I have had a slow start with the blog for 2009. There are a number of interesting writers lined up for you this year–I would give you names but I am sure I would leave out someone.
May peace and good health be yours during this year. If you have topics or ideas you would like to see someone discuss on this blog or in the journal, please don’t hesitate to contact me at email@example.com. Hopefully, very soon we will have all conference information out for you. The conference will be June 10-13, 2009. Many thanks to all of you for your continued support and encouragement. Now to living books:
When we look at the feeding episode (the crowd that followed and wanted more and its desire to have a king who would feed it), we are reminded of Frederic Engels’ program that people need bread, not ideas. With Marx, the revolution promised to provide not only bread but also cake for all. But the Bible’s directive is the opposite, as found in Jesus’ words. People need bread in the immediate emergency. But for lasting provisions in the hardships of life, they need ideas and living words about the truth of the universe. They need answers to the pressing questions of life. Udo Middelmann
Like so many other topics, since I have been studying the philosophy and pedagogy of Charlotte Mason, I have pondered the idea of living books. It seems to me that this topic like so many of Mason’s ideas has layers of meaning coming from her years of work and study in education. Unpacking these layers of meaning can be difficult because frequently a well-seasoned educator has many concepts and thoughts buried in a phrase like living books. This is why it is important to research and study the work of an educator/philosopher like Mason. In this blog I want to give some preliminary thoughts to what the phrase might mean. There are many ideas that can be conveyed about living books and I am sure you have thought of some that will not occur to me. To begin, let’s have a look at what the word living might mean.
From the online Free Dictionary by Farlex one can find the following:
1. Possessing life: famous living painters; transplanted living tissue.
2. In active function or use: a living language.
3. Of persons who are alive: events within living memory.
4. Relating to the routine conduct or maintenance of life: improved living conditions in the city.
5. Full of life, interest, or vitality: made history a living subject.
6. True to life; realistic: the living image of her mother.
7. Informal Used as an intensive: beat the living hell out of his opponent in the boxing match.
As I read these various definitions of the word living, I find a number of them I think I can relate to living books. Let’s begin with the first one: possessing life. Living books have a life of their own. In fact, the second definition comes into play here: in active function or use. Because living books have a life of their own they provide a kind of spiritual energy that feeds the mind thereby being “in active function.” Somehow, it seems to me that a living book is not only “full of life” but also “true to life.” In fact, sometimes the simplicity of the true to life book or realistic book that provides truth in simplicity can be the most engaging. In any case, looking at this definition, one can easily see what “living” books are and how we might define them. But I think there is more to understand about living books.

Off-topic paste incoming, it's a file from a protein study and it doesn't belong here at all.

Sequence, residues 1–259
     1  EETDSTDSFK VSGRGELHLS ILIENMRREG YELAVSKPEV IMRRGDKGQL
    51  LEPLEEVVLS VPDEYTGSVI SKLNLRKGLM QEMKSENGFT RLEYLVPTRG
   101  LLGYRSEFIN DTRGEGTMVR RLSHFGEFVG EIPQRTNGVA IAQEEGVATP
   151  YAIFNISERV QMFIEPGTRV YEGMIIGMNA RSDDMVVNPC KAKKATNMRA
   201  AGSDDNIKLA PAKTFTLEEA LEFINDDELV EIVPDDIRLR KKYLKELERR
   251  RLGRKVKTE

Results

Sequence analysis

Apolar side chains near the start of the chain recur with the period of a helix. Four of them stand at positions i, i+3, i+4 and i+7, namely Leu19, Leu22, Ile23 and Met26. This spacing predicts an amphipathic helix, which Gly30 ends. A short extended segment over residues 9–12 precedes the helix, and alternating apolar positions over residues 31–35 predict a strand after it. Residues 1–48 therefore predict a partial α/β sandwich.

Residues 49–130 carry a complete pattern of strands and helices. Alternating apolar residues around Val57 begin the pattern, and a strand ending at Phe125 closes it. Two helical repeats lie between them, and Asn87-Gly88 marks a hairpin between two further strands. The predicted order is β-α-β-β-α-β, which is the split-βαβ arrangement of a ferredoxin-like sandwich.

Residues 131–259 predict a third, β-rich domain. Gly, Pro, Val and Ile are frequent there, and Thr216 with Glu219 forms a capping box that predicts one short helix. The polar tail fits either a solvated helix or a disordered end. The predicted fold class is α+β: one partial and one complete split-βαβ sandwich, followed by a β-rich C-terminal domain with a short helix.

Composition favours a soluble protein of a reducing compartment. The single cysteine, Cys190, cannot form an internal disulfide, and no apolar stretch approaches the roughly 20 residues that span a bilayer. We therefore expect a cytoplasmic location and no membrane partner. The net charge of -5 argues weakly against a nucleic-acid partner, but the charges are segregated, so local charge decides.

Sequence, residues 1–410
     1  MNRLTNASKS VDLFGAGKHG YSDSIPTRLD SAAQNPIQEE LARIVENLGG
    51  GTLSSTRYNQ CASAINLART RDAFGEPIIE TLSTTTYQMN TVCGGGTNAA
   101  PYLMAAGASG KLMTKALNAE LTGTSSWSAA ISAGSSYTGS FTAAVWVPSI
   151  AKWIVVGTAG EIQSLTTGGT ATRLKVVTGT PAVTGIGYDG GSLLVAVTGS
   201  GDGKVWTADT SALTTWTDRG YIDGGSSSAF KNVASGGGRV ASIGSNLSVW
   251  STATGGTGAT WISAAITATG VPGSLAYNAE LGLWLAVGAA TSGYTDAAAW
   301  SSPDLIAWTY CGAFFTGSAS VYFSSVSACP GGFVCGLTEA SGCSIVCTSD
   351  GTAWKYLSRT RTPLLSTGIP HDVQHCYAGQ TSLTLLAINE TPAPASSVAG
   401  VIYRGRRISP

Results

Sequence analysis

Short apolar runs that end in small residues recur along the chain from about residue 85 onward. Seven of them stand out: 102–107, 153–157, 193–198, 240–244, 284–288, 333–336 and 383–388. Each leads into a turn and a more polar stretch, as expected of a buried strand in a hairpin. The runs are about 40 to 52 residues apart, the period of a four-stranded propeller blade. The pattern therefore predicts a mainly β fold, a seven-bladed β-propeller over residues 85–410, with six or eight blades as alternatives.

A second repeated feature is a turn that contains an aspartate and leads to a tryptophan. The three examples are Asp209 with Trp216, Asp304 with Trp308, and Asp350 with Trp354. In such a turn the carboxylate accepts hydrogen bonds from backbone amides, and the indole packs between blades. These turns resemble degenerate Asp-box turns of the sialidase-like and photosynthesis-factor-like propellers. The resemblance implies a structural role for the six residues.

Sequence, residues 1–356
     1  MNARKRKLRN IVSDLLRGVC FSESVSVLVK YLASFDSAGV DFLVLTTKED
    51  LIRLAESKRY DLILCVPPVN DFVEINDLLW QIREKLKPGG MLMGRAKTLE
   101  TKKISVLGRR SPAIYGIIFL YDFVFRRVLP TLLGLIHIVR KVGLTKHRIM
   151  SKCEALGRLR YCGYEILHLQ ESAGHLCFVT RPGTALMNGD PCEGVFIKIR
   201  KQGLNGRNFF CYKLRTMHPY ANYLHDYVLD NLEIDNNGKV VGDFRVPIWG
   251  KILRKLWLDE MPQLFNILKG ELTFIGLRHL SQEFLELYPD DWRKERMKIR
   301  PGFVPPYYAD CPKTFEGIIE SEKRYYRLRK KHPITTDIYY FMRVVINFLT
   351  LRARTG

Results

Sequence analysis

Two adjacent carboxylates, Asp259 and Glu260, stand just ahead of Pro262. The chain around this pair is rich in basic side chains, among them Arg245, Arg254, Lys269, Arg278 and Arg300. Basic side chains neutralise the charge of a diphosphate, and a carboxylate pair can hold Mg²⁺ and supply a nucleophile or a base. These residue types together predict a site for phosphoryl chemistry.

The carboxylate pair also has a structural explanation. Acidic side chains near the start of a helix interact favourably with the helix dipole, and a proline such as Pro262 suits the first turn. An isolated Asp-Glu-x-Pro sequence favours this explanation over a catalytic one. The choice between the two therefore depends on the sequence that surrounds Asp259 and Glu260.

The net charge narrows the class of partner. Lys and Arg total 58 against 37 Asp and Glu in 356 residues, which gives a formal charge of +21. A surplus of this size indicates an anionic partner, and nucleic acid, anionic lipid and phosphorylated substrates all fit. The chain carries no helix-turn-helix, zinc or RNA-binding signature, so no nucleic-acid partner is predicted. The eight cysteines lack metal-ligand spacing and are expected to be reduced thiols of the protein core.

Looking back at the quote that I put at the outset of this article, consider what Middelmann says: With Marx, the revolution promised to provide not only bread but also cake for all. But the Bible’s directive is the opposite, as found in Jesus’ words. People need bread in the immediate emergency. But for lasting provisions in the hardships of life, they need ideas and living words about the truth of the universe. They need answers to the pressing questions of life. Udo Middelmann (pp 51-52)
I have written before in various articles and blogs that when we view life from a matterial (meaning life is only of matter) perspective then what Marx had to offer should have been sufficient. In fact, the cake should have been really good. But, it has not worked out that way. Before we criticize Marx too badly, we need to realize that capitalism cannot meet our needs either, particularly uncontrolled, immoral capitalism–that which we are presently seeing come to full bloom in our own democracy. Why? We have bought image, greed or to use Middelmann’s word we must have our own “cake.” The cake in capitalism can be the American dream: have it all–image, house, cars, boats, the good life. But we are learning that life is not sustained by things or matter. In fact, these dreams of cars, a house at the beach can leave us empty. No, we cannot live by bread alone; we must also have nourishment for the spirit. We are matterial beings but equally important, we are spiritual beings, which, requires living ideas found in living books. Cake, no matter if it comes from communism or capitalism does not satisfy. It provides no spiritual nourishment. We need spiritual nourishment provided by living ideas from living books to “answer . . . the pressing questions of life.”
In sequels to this blog I want to pursue two ideas: 1) how the word shalom might give us further understanding about living books; 2) And, exactly what did Mason mean by “spiritual.”
Middelmann, Udo (2008). Christianity versus fatalistic religions in the war against poverty. Paternoster: thinking faith: Colorado Springs, CO.
The Free Dictionary can be found at: http://www.thefreedictionary.com.
© 2009 by J. Carroll Smith